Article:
I'm Kristen. I like art, animals and thinking too much. My cat Mooshie is more popular than I am, but I'm ok with that.
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Imagine roaming the world’s largest ocean year after year alone, calling out with the regularity of a metronome, and hearing no response.
Such, apparently, is the situation faced by a solitary whale, species unknown, that has been tracked since 1992 in the North Pacific by a classified array of hydrophones used by the Navy to monitor enemy submarines.
The animal is called the 52 hertz whale because it makes a distinctive stream of sounds at around that basso profundo frequency, just above the lowest note on a tuba.
Its sonic signature is clearly that of a whale, but nothing like the normal voice of the giant blue or the next biggest species, the fin, or any other whale for that matter, said Mary Ann Daher, a marine biologist at the Woods Hole Oceanographic Institution on Cape Cod.
Ms. Daher is part of a team built by Dr. William A. Watkins, a pioneer in marine mammal acoustics who died in September, that has spent years trying to eavesdrop on the largely hidden lives of whales.
In the current edition of the journal Deep-Sea Research, members of this team report that all signs are that the sounds come from a single animal, whose movements “appeared to be unrelated to the presence or movement of other whale species.”
The 52 hertz whale may be maturing, since its voice has deepened slightly over time, Ms. Daher said. A gallery of sounds, including the call of 52 hertz, can be heard at www.pmel.noaa.gov/vents/acoustics/spectrograms.html.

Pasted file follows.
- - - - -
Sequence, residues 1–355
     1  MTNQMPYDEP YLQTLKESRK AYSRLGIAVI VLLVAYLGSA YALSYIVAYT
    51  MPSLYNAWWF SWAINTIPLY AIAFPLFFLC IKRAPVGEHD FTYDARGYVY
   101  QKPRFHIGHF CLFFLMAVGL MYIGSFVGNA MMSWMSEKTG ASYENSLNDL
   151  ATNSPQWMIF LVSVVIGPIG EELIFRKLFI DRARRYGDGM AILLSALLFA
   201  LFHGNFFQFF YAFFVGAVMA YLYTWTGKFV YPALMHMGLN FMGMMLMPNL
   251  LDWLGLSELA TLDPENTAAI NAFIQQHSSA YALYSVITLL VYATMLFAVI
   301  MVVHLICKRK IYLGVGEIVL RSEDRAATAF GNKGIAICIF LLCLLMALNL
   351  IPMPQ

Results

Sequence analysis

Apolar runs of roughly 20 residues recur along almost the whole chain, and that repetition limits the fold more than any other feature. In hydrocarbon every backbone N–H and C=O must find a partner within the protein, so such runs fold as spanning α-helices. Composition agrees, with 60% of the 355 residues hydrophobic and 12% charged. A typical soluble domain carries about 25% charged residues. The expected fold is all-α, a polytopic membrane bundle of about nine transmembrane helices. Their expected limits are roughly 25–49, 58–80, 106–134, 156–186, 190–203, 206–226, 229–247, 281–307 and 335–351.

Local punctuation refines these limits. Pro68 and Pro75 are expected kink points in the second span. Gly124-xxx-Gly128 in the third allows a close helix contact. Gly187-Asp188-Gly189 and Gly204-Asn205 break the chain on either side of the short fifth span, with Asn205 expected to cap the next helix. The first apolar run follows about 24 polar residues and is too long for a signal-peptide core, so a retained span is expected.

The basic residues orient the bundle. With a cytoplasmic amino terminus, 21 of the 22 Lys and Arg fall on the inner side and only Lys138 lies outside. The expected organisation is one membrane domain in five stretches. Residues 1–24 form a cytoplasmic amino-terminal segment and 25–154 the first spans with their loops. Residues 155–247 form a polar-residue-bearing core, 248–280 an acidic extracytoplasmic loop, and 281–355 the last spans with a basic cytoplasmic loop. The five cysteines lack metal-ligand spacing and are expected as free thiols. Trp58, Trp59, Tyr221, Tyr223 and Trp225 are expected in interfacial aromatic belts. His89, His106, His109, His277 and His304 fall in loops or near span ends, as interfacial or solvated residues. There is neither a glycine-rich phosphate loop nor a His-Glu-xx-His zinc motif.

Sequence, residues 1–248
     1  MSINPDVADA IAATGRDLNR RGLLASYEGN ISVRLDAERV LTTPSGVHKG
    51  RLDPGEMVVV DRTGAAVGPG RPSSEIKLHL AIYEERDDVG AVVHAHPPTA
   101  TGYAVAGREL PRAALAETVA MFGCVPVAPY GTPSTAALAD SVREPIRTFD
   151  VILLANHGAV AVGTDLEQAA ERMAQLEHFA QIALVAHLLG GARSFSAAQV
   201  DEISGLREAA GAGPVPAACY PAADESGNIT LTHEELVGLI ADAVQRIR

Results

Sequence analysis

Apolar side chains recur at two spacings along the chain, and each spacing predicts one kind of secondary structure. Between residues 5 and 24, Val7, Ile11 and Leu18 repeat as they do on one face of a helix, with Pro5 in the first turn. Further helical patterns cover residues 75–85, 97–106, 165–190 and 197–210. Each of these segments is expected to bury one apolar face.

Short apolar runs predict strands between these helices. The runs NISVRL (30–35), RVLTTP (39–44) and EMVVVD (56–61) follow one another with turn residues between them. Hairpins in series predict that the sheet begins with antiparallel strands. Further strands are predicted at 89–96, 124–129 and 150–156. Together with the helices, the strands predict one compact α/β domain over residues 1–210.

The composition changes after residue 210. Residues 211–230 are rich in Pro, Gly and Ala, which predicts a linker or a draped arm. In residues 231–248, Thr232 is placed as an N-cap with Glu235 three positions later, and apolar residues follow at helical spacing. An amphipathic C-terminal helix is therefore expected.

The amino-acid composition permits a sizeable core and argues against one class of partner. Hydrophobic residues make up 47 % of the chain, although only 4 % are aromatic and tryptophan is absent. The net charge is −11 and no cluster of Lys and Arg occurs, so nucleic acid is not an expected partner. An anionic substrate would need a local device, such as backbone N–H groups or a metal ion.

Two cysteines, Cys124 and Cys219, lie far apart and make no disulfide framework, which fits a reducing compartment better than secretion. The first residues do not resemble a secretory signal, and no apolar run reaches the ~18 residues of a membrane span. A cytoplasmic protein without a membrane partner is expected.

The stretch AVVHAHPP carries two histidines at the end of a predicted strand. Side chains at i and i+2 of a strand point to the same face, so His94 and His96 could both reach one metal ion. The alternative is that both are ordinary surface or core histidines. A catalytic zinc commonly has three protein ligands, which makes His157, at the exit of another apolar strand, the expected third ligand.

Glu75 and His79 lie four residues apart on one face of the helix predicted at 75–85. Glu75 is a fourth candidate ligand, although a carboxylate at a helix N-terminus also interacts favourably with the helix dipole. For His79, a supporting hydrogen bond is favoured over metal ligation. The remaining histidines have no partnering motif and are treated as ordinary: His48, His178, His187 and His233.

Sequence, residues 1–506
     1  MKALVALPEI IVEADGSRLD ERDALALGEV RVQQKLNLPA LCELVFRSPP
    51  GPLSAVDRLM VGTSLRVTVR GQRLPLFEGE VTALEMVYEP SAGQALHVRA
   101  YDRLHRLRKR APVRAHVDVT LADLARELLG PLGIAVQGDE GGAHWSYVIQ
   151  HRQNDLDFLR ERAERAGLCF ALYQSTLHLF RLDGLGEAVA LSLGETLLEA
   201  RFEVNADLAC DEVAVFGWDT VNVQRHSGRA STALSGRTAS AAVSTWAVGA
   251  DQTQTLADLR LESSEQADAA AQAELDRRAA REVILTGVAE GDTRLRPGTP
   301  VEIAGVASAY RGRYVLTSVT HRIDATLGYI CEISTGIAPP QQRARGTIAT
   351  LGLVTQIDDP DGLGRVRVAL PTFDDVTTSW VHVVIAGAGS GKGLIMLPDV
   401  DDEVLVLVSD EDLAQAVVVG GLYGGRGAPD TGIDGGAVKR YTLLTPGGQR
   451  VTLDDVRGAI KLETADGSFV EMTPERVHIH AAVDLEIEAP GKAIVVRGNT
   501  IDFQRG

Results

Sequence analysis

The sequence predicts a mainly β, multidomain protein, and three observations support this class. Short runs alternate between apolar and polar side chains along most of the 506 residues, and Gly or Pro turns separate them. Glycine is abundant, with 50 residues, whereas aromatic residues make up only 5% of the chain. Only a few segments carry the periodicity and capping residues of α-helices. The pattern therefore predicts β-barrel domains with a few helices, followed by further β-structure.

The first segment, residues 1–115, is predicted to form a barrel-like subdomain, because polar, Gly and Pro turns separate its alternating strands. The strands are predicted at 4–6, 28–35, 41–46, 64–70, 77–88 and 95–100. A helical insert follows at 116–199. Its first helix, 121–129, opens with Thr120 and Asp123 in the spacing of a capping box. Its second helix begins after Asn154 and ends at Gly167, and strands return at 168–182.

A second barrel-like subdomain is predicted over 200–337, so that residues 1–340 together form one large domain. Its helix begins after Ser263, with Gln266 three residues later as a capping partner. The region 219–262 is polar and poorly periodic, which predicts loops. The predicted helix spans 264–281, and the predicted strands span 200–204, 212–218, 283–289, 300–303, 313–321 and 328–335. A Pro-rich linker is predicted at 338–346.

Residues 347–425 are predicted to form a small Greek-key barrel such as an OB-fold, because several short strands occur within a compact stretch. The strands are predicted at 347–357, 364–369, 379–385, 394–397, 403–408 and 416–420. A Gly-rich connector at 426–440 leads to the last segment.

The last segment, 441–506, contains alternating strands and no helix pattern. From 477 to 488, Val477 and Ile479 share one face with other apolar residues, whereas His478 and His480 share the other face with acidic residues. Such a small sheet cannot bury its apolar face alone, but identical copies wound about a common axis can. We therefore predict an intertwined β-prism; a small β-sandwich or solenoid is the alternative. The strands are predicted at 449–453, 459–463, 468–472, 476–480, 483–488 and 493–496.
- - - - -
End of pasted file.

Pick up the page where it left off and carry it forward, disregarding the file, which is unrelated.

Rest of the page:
Team members and other experts have proposed a host of explanations for the whale sounds, among them that the animal is malformed or, most likely, is a hybrid of a blue whale and another species.
Ms. Daher said that as word of the paper has spread, she has gotten a host of e-mail messages, some from whale lovers lamenting the notion of a lonely heart of the cetacean world. Some messages have come from deaf people speculating that the whale might share their disability.
Dr. Kate Stafford, a researcher at the National Marine Mammal Laboratory in Seattle, said there were reasons to believe that the whale was healthy.
"The fact that this individual has been capable of existing in that harsh environment for at least these 12 years indicates there is nothing wrong with it," she said. But she agreed that there was something poignant about the finding.
"He’s saying, ‘Hey I’m out here,’ " she said. "Well, nobody is phoning home."